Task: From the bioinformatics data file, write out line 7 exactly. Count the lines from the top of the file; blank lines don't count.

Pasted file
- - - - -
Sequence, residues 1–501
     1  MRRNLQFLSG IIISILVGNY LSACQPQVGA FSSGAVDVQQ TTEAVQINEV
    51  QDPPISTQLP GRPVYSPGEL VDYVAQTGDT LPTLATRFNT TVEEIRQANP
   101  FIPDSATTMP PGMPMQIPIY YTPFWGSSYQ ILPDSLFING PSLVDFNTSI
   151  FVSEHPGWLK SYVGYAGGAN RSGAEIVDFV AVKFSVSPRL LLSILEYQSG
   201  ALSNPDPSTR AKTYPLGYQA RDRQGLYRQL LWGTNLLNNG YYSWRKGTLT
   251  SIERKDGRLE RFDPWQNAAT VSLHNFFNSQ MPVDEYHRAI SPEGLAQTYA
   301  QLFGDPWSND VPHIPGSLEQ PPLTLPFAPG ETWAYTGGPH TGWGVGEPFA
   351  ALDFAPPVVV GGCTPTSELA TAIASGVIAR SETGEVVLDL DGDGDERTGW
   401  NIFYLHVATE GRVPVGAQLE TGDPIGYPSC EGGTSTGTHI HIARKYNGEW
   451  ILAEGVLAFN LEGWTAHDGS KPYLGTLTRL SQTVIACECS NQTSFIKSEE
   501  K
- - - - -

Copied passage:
   251  SIERKDGRLE RFDPWQNAAT VSLHNFFNSQ MPVDEYHRAI SPEGLAQTYA